The history of the Toszek Castle dates back to the tenth-eleventh century, when an early defensive castle was located on the castle's grounds. The castle was built two centuries later, in about the year 1222. When the Kingdom of Poland was under feudal fragmentation, the castle housed the following Silesian dukes and castellans. The most important part of the castle's being, was that under the rule of Duke Przemysław Toszecki, of the Oświęcim family line. After his death the castle became of property of the Dukes of Opole. In the sixteenth century, the castle was the property of the Habsburgs. Which gave the castle to do Redernów family, which they bought in 1592. In between 1638-1707 the castle was ruled by the Colonna family, which had made a full-scale reconstruction of the castle - by which the castle became a magnate residence, the first one in Upper Silesia. The following owners were: Johann Dietrich von Peterswald, Count Franciszek Karol Kotuliński, Posadowski family, and finally Adolf von Eichendorff.
In 1797, the castle was sold to Count Franciszek Adam Gaschinów. Shortly after, in 1811, the castle burned down and became a ruin. In 1840 the ruins were bought by Abraham Guradze, and the Guradze family maintained possession of the castle until World War II, when Abraham's great-grandson Count Kurt von Guradze bequeathed the castle to the youth of Poland. The castle was finally partially rebuilt in the 1950s and 1960s. Today, the castle houses a centre of culture, and a primary wedding celebration venue.References:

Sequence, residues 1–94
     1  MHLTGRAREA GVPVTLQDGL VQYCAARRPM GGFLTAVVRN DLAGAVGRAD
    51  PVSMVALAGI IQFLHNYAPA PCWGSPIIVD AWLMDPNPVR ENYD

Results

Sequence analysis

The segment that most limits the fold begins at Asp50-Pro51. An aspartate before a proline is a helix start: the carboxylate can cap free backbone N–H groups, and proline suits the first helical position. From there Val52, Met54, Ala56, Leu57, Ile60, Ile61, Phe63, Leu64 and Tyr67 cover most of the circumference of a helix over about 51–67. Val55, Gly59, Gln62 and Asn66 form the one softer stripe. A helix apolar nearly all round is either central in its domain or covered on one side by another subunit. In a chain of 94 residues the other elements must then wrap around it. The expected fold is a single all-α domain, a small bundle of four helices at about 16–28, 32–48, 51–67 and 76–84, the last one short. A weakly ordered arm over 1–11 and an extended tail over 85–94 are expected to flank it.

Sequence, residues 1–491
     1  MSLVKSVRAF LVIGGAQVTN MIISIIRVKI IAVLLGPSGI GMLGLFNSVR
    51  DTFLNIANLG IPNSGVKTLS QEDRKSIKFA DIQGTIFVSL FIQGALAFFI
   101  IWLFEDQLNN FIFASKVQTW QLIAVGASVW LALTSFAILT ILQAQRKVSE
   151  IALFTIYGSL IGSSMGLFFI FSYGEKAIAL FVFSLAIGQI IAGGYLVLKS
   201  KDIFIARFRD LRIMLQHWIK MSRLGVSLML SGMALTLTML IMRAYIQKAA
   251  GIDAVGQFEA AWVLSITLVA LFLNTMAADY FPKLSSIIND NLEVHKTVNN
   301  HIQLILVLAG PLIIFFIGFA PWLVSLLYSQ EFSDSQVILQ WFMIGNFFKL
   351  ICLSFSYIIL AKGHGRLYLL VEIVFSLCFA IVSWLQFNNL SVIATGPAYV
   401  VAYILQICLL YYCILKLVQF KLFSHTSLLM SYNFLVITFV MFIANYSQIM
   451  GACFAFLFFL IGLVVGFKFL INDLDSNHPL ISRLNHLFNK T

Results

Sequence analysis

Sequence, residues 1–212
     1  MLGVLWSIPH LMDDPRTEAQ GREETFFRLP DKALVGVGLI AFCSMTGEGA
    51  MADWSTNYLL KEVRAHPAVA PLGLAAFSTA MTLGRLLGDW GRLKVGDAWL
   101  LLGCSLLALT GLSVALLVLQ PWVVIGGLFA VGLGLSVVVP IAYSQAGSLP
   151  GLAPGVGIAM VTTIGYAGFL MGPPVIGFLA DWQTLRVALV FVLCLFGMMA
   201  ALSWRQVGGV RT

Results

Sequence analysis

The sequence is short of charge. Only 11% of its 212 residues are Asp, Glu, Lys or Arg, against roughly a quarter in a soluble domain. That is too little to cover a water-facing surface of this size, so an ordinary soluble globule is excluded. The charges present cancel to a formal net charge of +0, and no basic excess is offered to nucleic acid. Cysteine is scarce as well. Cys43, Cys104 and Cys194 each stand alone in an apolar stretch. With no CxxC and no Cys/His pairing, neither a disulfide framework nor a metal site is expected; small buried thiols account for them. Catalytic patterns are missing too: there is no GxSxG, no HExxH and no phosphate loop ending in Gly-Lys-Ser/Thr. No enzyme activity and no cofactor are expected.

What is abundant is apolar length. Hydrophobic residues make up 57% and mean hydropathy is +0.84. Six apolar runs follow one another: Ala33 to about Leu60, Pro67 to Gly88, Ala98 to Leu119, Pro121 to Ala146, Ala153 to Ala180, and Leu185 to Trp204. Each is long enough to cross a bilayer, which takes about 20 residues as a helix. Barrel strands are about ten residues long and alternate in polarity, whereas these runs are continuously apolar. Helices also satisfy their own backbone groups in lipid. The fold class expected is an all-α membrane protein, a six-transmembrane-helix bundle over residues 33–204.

Fisherman's Bastion is a terrace in neo-Gothic and neo-Romanesque style situated on the Buda bank of the Danube, on the Castle hill in Budapest, around Matthias Church. It was designed and built between 1895 and 1902 on the plans of Frigyes Schulek. Construction of the bastion destabilised the foundations of the neighbouring 13th century Dominican Church which had to be pulled down. Between 1947–48, the son of Frigyes Schulek, János Schulek, conducted the other restoration project after its near destruction during World War II.
From the towers and the terrace a panoramic view exists of Danube, Margaret Island, Pest to the east and the Gellért Hill.
Its seven towers represent the seven Magyar tribes that settled in the Carpathian Basin in 896.
The Bastion takes its name from the guild of fishermen that was responsible for defending this stretch of the city walls in the Middle Ages. It is a viewing terrace, with many stairs and walking paths.
A bronze statue of Stephen I of Hungary mounted on a horse, erected in 1906, can be seen between the Bastion and the Matthias Church. The pedestal was made by Alajos Stróbl, based on the plans of Frigyes Schulek, in Neo-Romanesque style, with episodes illustrating the King's life.